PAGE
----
Flu vaccine derived from genetically modified TOBACCO plants sails through clinical trials
The boffins used native Australian tobacco relatives that were genetically modified to create the viral proteins. The two trials involved nearly 23,000 people and the results indicated that the plant-derived vaccines are just as safe as current flu vaccines.
The influenza virus poses fresh problems for vaccine developers every year as it constantly shapeshifts. This is a massive undertaking and researchers have been crying out for an upgrade to the current technology.
The breakthrough is the largest ever demonstration of the potential to produce vaccines using plants.Also on rt.com Top Russian scientists warn Covid-19 is mutating, but say changes to genome nothing to panic about & may even be beneficial
“This is the first time a plant vaccine has been tested in a [human] clinical trial,” John Tregoning, an infectious disease researcher from Imperial College London, said about the results. “It is a milestone for this technology and sows the seeds for other plant-based vaccines and therapeutics.”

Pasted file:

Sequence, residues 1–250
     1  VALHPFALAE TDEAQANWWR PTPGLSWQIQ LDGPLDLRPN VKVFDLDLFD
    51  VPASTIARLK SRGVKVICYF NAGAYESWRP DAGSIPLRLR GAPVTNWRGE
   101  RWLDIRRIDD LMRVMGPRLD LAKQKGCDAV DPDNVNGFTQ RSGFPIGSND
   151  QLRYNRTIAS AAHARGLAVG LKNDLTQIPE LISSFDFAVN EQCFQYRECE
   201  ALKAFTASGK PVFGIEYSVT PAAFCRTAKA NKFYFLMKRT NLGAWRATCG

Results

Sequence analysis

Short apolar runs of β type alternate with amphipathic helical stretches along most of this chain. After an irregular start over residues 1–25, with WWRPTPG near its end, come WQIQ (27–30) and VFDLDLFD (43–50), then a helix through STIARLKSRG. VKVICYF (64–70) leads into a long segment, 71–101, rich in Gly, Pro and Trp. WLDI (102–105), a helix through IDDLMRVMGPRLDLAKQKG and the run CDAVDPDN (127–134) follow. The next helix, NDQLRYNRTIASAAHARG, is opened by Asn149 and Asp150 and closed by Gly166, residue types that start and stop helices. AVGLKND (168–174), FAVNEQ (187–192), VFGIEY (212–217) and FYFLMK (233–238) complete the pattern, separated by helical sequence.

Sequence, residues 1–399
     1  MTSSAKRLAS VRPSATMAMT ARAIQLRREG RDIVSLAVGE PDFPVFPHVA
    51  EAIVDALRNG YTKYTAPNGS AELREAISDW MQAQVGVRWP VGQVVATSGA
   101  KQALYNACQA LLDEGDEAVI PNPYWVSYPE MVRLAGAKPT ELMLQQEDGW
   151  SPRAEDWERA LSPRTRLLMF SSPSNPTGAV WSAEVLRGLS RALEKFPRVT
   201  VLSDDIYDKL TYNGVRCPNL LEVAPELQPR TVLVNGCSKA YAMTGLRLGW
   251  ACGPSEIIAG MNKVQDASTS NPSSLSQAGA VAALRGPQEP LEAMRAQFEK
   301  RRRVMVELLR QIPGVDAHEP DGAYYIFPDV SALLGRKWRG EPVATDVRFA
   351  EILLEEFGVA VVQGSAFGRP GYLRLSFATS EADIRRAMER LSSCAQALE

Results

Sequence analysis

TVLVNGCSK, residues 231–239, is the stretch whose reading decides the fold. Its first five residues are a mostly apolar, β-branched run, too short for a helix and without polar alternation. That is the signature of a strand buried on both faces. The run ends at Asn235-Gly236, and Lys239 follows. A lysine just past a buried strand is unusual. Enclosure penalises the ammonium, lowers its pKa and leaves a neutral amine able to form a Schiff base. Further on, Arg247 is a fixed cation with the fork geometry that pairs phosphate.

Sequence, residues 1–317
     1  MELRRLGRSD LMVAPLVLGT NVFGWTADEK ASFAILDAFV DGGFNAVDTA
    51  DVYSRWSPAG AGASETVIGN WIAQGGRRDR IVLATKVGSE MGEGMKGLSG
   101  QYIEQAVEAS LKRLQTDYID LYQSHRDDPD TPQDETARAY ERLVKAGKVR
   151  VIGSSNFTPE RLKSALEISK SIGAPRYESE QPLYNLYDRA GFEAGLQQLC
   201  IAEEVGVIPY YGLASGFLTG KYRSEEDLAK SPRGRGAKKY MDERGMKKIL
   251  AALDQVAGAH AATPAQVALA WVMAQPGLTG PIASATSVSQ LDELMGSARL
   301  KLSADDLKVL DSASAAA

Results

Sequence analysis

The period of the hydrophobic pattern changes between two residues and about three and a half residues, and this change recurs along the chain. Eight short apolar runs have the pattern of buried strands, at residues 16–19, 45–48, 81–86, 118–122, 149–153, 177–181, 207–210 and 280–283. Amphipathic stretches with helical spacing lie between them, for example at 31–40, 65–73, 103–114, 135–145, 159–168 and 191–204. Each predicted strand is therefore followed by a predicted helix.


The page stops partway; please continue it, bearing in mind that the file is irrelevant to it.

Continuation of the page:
The development promises to be a huge boost to the annual fight against influenza, as plants can be mass-engineered to produce viral proteins at scale. Currently, most influenza vaccines are made using virus particles grown in chicken eggs or lab-grown cells.
The scientists used an Australian relative of the tobacco plant, Nicotiana benthamiana, engineered to produce just the outer shell of influenza viruses. These virus-like particles are then extracted and purified to make a flu vaccine.
In their paper published in The Lancet, the scientists say that their plant-based system can produce the first doses of a newly designed flu vaccine within two months of identifying an emerging influenza strain.
The results are hugely promising but the researchers still have to secure regulatory approvals for the vaccine, so it may be some time yet before plant-grown vaccines bear fruit.Also on rt.com Pay people to take Covid-19 vaccine argues leading ethicist, though others warn it would set ‘dangerous precedent’
Like this story? Share it with a friend!